Tuesday, April 14, 2009

Open House on Gasoline Alley

Before I start telling you about this amazing little weekend event I went to recently, let me say that I will be continuing the series on Tommy Sparks. Without a doubt, these writings have produced the most positive feedback I've received since beginning the Steelworks blog. It's a real joy for me to be going over those memories and apparently it shows. Thanks to all of you who've relayed your kinds words to me about it and you can look forward to reading part 4 very soon. 

Now, on to today's post. 

I went up to visit my Mom and brother Rob this past weekend in Indianapolis. It was to be a short visit, but I would be in on Thursday and there for the entire weekend...  so you never know. Well, as luck would have it, I got a call from my friend Roy Caruthers while on the road heading up 65. We were catching up on things when he happened to mention that the annual open house on gasoline alley was on Saturday. Now before we get confused lets be clear; the gasoline alley that Roy is referring to is actually Gasoline Alley Road. This is about a quarter or third of a mile long block that is no more than a half mile from the speedway. I believe the street name was instated sometime in the 1980s because the entire block on both sides end to end is populated with race car builders, fabricators, components manufacturers, and restoration shops. It really is a sight to behold.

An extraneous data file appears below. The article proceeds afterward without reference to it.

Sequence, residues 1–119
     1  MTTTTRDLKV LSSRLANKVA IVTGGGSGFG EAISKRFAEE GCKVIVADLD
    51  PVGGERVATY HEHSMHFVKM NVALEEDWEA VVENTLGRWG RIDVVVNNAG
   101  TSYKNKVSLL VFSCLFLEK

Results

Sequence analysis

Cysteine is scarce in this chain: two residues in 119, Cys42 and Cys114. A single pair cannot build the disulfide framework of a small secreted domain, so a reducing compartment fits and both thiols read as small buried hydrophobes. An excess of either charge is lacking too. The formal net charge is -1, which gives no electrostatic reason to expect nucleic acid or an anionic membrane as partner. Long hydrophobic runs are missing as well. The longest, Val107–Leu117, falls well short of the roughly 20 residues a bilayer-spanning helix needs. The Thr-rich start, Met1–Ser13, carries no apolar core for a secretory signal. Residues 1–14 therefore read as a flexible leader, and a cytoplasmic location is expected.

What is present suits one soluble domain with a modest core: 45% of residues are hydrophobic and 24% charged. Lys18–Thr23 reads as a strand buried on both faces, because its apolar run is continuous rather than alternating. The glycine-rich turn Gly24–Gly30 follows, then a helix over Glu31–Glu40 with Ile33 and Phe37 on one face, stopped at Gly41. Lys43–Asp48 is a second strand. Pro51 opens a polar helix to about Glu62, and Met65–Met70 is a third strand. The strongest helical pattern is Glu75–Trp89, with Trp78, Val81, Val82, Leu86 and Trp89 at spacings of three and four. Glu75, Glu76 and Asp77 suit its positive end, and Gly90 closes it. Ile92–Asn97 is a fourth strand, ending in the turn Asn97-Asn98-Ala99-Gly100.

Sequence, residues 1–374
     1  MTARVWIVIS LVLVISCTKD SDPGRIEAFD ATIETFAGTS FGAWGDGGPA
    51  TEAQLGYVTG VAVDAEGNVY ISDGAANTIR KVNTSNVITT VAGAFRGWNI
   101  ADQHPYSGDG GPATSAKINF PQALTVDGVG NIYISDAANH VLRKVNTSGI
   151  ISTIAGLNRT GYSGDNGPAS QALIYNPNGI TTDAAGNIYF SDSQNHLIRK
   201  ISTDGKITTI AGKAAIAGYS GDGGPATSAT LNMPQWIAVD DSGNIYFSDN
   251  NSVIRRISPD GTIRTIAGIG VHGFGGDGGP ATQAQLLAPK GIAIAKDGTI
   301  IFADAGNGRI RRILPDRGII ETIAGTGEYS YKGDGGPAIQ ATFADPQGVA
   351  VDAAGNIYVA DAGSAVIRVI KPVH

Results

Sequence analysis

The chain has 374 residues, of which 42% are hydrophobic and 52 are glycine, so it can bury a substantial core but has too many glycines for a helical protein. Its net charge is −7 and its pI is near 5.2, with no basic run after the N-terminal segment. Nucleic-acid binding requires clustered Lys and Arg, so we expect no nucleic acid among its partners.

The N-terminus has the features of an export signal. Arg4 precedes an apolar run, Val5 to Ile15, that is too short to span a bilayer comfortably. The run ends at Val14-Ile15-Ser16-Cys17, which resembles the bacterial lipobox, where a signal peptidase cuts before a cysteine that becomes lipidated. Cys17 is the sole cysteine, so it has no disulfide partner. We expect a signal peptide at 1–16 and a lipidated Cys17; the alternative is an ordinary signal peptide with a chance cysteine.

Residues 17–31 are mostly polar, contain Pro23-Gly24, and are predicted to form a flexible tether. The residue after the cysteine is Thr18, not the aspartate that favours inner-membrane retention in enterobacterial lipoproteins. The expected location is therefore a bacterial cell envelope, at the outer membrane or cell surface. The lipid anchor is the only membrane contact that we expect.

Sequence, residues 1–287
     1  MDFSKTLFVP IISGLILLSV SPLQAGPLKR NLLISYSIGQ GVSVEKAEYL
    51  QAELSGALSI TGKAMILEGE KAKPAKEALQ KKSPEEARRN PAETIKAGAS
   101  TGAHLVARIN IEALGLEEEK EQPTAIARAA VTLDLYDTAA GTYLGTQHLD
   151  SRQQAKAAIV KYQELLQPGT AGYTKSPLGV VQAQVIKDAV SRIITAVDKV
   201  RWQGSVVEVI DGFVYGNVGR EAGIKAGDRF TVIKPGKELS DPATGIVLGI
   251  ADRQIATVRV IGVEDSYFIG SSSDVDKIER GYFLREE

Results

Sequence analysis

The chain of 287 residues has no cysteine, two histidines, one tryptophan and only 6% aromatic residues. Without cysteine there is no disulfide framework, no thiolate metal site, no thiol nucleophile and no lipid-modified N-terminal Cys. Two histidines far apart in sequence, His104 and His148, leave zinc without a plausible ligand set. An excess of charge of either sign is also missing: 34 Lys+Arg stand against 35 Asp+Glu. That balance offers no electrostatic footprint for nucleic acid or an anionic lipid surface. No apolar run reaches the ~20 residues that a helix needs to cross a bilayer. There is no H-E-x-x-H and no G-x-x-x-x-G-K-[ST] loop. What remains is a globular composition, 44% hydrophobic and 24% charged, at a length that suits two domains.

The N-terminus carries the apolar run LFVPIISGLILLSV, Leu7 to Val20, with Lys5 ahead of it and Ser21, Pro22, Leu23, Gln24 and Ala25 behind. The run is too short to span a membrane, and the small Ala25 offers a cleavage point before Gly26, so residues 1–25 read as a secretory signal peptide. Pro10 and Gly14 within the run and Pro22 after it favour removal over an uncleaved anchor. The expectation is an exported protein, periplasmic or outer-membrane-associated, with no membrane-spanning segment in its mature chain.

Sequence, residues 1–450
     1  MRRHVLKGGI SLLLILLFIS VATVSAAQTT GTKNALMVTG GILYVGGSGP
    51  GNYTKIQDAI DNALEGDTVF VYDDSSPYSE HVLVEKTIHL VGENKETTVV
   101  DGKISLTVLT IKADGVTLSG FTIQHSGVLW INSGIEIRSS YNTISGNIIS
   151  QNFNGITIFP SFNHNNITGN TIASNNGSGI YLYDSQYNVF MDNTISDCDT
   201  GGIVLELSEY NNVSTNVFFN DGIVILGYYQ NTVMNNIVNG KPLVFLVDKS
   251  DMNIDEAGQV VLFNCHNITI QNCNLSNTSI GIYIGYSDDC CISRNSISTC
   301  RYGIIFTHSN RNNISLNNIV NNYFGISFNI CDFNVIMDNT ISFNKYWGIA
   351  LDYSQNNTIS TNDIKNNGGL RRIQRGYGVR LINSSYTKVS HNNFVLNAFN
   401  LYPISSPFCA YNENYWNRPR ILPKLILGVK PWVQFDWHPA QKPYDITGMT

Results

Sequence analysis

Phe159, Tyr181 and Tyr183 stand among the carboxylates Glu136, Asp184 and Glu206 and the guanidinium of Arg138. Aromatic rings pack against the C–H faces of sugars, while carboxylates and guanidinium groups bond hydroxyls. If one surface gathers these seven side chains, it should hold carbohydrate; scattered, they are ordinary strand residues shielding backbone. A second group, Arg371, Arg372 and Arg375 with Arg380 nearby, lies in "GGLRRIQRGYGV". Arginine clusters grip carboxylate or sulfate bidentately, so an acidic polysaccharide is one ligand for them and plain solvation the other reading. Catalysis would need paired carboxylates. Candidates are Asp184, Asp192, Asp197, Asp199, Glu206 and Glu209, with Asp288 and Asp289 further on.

Especially on this particular weekend. I don't know who got the idea to have this annual open house but I loudly applaud them. Basically the first half of Saturday was a combination hot rod show and shop tour. And as you'll see, the Indy folk do not screw around. The quality of car that showed up was impressive and the shops and the projects within them were nothing short of humbling. 

The most impressive to me was getting to see the Automotive Hammer Art shop and their current projects. One of which was a serious life changer. 

The car is the famous SuMar special. Built on a Kurtis Kraft chassis and running a Meyer-Drake 270 Offy, the car ran at Indy in 1955 and finished a credible 9th with Jimmy Daywalt at the wheel. This was done without the aid of most of the streamliner body panels, as Daywalt demanded their removal sighting an inability to see the front wheels as a serious hinderance to his driving abilities. Marshall Teague went on to perform record land speed runs in the SuMar at Daytona in 1959, but was killed two days later in the car while trying to up his record.